Wind power gains momentum in Vermont

Erin LaVoie

CLF applauds the balance regulators struck in approving the Kingdom Community Wind Project in Lowell, VT. The order allows the controversial project to move forward while protecting wildlife habitat and ensuring restoration of disturbed areas.  The decision addresses all the concerns that were raised and provides some innovative means to manage the impacts.

All power supplies – including wind – have environmental impacts.   While the environmental harms associated with wind are less than most sources of generation, they need to be minimized and mitigated, not ignored. The Vermont order includes specific requirements from an agreement with Vermont’s Agency of Natural Resources that permanently protects significant habitat and requires re-vegetation and restoration of disturbed areas both after construction and when the project is no longer used.  These measures go a long way to reduce the environmental footprint of the project.  The decision also calls for minimizing lighting while still conforming to FAA requirements.  Overall, the decision can be a model for how projects can move forward while responsibly addressing impacts. 

The project’s benefits are significant and weighed in favor of approval.  Powering 20,000 homes from this project will help Vermont meet it renewable energy goals, create jobs and tax revenue, avoid greenhouse gas emissions, and provide long-term, stably priced power. In an interview with VPR, GMP’s President Mary Powell described the project as, “incredibly cost effective for premium renewable electricity.”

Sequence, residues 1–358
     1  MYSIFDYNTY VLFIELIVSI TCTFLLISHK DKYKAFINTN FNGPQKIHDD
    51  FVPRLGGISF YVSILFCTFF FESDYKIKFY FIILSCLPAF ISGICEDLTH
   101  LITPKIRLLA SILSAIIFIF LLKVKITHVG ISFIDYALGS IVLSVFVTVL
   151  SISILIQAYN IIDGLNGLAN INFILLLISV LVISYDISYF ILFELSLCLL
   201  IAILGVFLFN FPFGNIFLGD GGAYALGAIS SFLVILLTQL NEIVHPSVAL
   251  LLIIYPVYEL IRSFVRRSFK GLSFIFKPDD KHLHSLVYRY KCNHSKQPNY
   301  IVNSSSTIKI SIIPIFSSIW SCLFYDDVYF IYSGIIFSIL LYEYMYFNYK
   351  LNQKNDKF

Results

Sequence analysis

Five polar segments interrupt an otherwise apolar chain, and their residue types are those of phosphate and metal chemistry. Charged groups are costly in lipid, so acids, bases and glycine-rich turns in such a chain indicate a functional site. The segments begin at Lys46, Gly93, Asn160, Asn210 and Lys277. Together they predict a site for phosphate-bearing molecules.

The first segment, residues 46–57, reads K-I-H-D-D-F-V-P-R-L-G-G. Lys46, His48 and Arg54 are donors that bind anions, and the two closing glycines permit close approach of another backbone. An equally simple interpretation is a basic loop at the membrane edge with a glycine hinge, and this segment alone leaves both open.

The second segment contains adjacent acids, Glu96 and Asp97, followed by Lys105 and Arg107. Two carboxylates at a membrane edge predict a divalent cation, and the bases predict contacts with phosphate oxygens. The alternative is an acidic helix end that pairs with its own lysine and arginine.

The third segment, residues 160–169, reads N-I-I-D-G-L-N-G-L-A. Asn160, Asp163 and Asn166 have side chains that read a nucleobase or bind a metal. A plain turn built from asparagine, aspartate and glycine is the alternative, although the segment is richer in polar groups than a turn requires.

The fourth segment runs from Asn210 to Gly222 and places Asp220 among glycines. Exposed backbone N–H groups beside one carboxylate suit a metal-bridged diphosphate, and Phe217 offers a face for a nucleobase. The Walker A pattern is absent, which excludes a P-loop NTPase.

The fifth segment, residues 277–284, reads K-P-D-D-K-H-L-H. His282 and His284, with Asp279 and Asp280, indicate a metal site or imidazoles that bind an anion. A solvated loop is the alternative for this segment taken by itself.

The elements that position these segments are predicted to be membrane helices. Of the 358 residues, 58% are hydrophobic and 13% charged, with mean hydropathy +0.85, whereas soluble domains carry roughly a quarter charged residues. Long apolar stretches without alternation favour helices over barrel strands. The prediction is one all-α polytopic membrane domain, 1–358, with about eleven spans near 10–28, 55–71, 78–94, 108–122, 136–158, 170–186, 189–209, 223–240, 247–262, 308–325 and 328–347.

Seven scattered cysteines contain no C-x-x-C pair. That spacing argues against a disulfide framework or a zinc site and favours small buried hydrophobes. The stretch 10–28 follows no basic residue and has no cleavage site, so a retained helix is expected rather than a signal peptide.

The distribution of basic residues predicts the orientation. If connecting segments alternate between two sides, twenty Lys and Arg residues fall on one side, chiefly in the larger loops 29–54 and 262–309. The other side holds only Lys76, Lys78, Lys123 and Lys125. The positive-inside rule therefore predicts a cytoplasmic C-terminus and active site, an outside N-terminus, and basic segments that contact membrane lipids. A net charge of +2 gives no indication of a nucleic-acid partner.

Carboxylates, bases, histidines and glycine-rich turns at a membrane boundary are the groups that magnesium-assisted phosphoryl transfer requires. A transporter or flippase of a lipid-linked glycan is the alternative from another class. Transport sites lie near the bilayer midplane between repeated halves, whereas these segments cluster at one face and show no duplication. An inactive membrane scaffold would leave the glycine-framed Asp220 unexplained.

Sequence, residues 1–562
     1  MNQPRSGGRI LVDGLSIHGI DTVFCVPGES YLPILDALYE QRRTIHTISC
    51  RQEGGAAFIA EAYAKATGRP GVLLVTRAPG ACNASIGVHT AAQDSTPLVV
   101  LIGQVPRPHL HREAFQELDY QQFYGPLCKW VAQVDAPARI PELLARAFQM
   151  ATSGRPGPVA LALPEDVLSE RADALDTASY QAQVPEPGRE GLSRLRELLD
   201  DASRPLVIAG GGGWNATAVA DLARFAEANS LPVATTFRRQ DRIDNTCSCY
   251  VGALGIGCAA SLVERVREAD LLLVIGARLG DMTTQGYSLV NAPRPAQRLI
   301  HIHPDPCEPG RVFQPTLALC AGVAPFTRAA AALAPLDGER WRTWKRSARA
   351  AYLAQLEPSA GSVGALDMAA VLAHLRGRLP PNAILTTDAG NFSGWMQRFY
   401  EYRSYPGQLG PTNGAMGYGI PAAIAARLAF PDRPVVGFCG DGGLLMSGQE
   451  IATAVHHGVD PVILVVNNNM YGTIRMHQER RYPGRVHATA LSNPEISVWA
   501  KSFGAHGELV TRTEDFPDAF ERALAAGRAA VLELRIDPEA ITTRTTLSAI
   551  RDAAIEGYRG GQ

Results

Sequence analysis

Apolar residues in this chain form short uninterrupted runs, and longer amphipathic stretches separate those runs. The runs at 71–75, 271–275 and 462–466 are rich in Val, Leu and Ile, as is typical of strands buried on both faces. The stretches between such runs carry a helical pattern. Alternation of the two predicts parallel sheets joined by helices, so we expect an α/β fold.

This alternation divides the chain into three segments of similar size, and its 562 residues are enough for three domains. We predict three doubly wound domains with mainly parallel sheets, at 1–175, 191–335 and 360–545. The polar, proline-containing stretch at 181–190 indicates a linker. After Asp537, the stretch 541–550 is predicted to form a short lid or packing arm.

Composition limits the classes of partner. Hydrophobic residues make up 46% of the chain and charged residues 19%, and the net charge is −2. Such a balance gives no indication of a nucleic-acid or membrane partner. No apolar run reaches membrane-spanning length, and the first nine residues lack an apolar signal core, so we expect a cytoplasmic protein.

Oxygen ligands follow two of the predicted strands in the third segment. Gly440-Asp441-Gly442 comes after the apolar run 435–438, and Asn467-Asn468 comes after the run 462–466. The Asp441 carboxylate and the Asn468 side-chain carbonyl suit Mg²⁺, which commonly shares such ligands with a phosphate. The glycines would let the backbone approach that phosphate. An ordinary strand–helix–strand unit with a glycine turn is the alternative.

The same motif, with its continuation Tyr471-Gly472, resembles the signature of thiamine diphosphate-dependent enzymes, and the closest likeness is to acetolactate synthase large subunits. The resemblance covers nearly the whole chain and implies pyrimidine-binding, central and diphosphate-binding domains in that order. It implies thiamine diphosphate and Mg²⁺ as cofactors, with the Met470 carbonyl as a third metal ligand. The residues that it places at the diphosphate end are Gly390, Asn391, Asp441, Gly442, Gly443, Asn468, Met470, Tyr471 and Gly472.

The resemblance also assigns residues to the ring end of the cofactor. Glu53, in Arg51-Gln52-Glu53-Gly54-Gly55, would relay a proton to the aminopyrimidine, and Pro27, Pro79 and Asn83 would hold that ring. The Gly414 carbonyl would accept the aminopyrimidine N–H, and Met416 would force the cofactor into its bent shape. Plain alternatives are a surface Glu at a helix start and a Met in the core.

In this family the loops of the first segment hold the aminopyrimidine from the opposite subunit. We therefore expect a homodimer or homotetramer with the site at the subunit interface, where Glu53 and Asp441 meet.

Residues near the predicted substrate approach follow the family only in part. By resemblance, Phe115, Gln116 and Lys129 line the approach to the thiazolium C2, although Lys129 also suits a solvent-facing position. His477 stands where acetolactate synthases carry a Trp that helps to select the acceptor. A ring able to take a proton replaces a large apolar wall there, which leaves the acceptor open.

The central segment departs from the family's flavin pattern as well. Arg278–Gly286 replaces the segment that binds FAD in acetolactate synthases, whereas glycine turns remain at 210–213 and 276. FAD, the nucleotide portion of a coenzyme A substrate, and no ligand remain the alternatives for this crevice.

The project, consisting of 20-21 400-foot turbines along 3 miles of Lowell Mountain ridgeline, is expected to break ground in August of this year. The turbines will power an estimated 20,000 households, making it the largest wind site in the state. The project is moving forward with the approval of the Lowell community, who voted in favor of the turbines during Town Meeting Day in 2010.  CLF is excited to support wind projects that bring the community to the table, are responsibly cited, and mitigate the impacts on the environment in exchange for clean, locally produced energy.

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